Can you help me out please. Your article states that the HS2 would damage Scotland’s economy, and rightly so Aberdeen does stand to loose. However, I have been pointed towards http://www.google.com/fusiontables/Datasource, which I am told shows as a hole the Scottish economy gains? Any info would be great. Currently debating about it with friends. Give me the info…. And I’ll finish the debate…

    • Richard, I’m sure Gordon will come back with his own response. But, yes the table does indeed show that Scotland as a whole will benefit by between &0.642bn and £1.53bn per annum.

      Now, I’m very much an optimist, but the idea that Scotland will somehow reap 10.2% of the overall economic benefit of this project, despite it terminating hundereds of miles away from our main economic areas is perhaps questionable.

    • Hi Richard your link didn’t work but you will see that I actually link to the same data in my blog.

      Two things to consider are that the if you add up all the best case scenarios the high Glasgow and low Aberdeen for example using the data then you can say there is on these figures a benefit to Scotland. However if you add up all the worst scenarios the low for Glasgow and high for Aberdeen then its bad – However I supplied those figures for interest not because I believe them at all. They are made up and completely economically indefensible in the way they are calculated.

      From my previous blog on Hs2 where I had already debunked these figures – I made the mistake of assume everyone had read that sorry.

      > In my view, however, their model for calculating ROI is flawed. The UK Government calculates the minutes saved in traveling times for business travellers and assumes this translates to economically productive business time. I doubt that will prove the case, not least because people will spend more time with their families at each end of the commute. The calculation assumes you can take the average earnings per minute of a UK intercity business traveller and then multiply the minutes saved by the estimated amount of people expected to use the service. Again, I think that’s debatable.

      The huge problem is that this calculation assumes that business people travelling by train are not productive. I recently worked on a train with free wifi on my way to Manchester. I managed to get through a power of work, without the usual interruptions. The other problem is that most business travellers are salaried and so don’t earn any less for a day at their desk versus a day travelling and so there is no direct financial benefit from spending less time on the train.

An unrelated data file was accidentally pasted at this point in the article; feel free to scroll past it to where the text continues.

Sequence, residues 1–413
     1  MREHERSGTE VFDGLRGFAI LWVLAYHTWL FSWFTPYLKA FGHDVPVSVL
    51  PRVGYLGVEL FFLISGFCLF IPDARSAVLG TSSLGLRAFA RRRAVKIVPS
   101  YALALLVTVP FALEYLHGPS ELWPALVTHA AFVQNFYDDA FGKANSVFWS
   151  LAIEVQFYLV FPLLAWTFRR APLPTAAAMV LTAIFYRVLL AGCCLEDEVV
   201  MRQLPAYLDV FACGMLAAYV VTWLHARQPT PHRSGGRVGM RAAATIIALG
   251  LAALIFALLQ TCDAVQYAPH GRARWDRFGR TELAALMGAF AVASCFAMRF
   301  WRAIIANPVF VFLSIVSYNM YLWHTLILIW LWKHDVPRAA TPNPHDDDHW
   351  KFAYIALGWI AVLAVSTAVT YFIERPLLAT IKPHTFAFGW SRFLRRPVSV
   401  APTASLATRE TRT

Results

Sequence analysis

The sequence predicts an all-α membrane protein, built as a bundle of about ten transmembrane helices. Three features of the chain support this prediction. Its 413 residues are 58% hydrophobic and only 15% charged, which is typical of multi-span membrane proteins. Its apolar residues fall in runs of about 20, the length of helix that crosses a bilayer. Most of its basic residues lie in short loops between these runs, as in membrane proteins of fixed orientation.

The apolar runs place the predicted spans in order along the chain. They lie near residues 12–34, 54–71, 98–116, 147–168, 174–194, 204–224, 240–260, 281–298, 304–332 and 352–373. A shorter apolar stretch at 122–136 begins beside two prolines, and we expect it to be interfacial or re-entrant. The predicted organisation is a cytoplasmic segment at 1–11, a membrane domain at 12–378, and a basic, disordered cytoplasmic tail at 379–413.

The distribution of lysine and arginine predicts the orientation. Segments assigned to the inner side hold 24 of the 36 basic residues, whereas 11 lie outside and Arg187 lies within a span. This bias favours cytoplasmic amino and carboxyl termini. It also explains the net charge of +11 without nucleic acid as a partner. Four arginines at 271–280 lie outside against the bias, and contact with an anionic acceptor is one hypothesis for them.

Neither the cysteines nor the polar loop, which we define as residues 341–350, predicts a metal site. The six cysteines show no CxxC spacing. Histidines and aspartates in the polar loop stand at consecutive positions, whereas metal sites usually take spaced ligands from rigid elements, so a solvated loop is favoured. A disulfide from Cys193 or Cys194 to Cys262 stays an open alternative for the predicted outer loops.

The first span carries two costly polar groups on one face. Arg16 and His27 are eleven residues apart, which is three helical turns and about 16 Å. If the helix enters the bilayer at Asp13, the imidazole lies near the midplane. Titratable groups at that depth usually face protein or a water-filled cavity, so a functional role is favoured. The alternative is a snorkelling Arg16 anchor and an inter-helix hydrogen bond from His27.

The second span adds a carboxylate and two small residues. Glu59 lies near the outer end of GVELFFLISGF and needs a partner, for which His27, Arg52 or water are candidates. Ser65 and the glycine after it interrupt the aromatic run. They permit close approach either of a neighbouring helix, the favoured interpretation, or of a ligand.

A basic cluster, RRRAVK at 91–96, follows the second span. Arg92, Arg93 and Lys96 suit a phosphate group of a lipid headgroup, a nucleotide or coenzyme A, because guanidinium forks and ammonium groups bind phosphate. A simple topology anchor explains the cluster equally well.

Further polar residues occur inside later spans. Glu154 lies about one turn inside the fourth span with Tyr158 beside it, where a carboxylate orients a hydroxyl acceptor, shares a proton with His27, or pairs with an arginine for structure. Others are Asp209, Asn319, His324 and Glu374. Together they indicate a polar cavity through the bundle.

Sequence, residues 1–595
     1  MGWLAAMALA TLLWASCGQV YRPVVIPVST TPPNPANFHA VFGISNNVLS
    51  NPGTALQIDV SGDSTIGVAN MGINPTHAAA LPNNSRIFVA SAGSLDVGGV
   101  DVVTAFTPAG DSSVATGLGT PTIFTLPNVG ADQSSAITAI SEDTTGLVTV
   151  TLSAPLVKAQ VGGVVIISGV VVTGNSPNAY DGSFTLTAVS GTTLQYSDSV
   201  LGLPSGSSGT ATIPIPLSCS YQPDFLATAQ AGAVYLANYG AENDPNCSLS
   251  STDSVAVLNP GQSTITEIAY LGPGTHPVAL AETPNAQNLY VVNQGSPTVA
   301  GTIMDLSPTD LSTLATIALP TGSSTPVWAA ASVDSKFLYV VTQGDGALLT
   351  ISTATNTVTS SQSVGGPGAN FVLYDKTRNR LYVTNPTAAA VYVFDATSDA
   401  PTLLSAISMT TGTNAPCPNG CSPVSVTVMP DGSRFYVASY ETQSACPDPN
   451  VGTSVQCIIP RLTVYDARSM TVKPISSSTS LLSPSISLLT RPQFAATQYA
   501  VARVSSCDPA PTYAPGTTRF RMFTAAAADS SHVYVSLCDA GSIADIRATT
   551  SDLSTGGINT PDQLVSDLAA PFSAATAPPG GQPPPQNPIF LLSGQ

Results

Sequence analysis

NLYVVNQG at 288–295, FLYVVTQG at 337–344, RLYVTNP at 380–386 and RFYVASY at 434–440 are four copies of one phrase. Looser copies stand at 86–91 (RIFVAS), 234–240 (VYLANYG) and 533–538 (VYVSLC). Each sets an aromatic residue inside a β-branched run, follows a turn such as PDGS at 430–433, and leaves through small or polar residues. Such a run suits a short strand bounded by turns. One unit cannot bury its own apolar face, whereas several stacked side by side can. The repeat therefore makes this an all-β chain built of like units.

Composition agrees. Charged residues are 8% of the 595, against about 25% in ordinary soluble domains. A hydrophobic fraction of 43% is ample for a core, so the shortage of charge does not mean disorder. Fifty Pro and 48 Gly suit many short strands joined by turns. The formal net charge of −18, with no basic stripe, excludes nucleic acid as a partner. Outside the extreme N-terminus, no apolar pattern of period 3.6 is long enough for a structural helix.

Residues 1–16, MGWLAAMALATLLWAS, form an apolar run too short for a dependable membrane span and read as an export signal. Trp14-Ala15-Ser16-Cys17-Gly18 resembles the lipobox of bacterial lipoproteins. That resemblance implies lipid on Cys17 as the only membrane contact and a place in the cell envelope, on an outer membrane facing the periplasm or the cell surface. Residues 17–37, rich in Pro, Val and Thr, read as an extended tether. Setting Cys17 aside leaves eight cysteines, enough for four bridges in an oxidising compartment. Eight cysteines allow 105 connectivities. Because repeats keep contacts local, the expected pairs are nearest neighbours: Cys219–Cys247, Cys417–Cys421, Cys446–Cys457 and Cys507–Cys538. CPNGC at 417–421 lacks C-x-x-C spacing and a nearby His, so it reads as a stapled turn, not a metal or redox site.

Ten years ago, before my 4G phone could be used as a wifi hotspot and when laptop battery power was far more limited, I would have paid a lot to knock an hour off my journey, but not necessarily nowadays. So how did the UK Government work out the amount of people willing to pay to travel on HS2? They did it by taking a 2003 business traveller survey and updating it for inflation, a survey from ten years ago.

      In this context, the National Audit Office (NAO) reported earlier this year that “the economic benefits of the HS2 project are unclear”. They also reported that they had “reservations” about how the planned high-speed rail link would deliver growth and jobs.

      Taking all of this into account, there seems to be little economic justification for the project even for travellers who can use the service. And we know there is absolutely none for Scots business travellers who probably wouldn’t choose to switch trains halfway, and if they wanted to get to London quickly would probably fly, or use the East Coast rail link anyway. Yet Scots are paying a massive financial contribution to this project under the current constitutional settlement.<< OK add to that now the admission that the figures that have been cooked to show an economic benefit for the UK still can't show an economic benefit for the east coast of Scotland and that was kind of my point. Its a London and South East vanity project. Now lets add in the fact that is it is successful and load of Glasgow business people decide to train it to London (even though they will have to change at Manchester now rather than go direct) what will happen to the direct flights to London from Glasgow and Edinburgh? With air passenger duties set for Heathrow and not Prestwick, Aberdeen or Glasgow we might see an overall drop in connectivity which has a directly correlation to GDP generation. Finally someone tell me how in Glasgow's best case scenario (using flawed data and assumptions) how its economy will grow by £201m a year simply by the act of having people get on a train at Glasgow that is normal speed - change trains and wait on a platform at Manchester and then have to unpack their laptops etc and get going again? Especially as if they wanted to get there faster they would have flown. Thanks for asking the question.

  • This is an excellent article and shows how complicit Darling is to the lies of the ‘nae’ campaign. I have been pointing out to people the cost to Scotland of HS2 (and Trident etc).